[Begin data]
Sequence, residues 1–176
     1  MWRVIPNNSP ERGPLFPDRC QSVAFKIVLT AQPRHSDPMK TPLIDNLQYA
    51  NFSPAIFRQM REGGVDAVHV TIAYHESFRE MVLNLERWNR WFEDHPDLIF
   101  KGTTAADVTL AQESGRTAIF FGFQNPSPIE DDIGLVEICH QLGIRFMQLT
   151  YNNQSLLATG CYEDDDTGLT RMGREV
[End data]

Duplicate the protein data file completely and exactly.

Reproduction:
Sequence, residues 1–176
     1  MWRVIPNNSP ERGPLFPDRC QSVAFKIVLT AQPRHSDPMK TPLIDNLQYA
    51  NFSPAIFRQM REGGVDAVHV TIAYHESFRE MVLNLERWNR WFEDHPDLIF
   101  KGTTAADVTL AQESGRTAIF FGFQNPSPIE DDIGLVEICH QLGIRFMQLT
   151  YNNQSLLATG CYEDDDTGLT RMGREV